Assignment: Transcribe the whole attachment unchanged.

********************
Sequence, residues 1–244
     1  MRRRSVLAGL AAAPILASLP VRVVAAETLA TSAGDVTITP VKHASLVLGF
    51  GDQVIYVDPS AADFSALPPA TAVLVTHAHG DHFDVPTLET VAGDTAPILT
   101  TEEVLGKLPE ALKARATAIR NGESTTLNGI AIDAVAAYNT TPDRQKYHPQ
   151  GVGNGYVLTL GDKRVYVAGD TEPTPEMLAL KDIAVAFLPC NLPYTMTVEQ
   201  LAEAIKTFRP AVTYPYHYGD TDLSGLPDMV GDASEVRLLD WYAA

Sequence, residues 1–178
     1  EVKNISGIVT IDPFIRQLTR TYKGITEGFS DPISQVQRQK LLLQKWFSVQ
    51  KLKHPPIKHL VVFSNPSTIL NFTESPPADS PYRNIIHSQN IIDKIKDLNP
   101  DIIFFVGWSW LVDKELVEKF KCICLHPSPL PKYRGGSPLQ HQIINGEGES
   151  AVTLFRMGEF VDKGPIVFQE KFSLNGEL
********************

Sequence, residues 1–244
     1  MRRRSVLAGL AAAPILASLP VRVVAAETLA TSAGDVTITP VKHASLVLGF
    51  GDQVIYVDPS AADFSALPPA TAVLVTHAHG DHFDVPTLET VAGDTAPILT
   101  TEEVLGKLPE ALKARATAIR NGESTTLNGI AIDAVAAYNT TPDRQKYHPQ
   151  GVGNGYVLTL GDKRVYVAGD TEPTPEMLAL KDIAVAFLPC NLPYTMTVEQ
   201  LAEAIKTFRP AVTYPYHYGD TDLSGLPDMV GDASEVRLLD WYAA

Sequence, residues 1–178
     1  EVKNISGIVT IDPFIRQLTR TYKGITEGFS DPISQVQRQK LLLQKWFSVQ
    51  KLKHPPIKHL VVFSNPSTIL NFTESPPADS PYRNIIHSQN IIDKIKDLNP
   101  DIIFFVGWSW LVDKELVEKF KCICLHPSPL PKYRGGSPLQ HQIINGEGES
   151  AVTLFRMGEF VDKGPIVFQE KFSLNGEL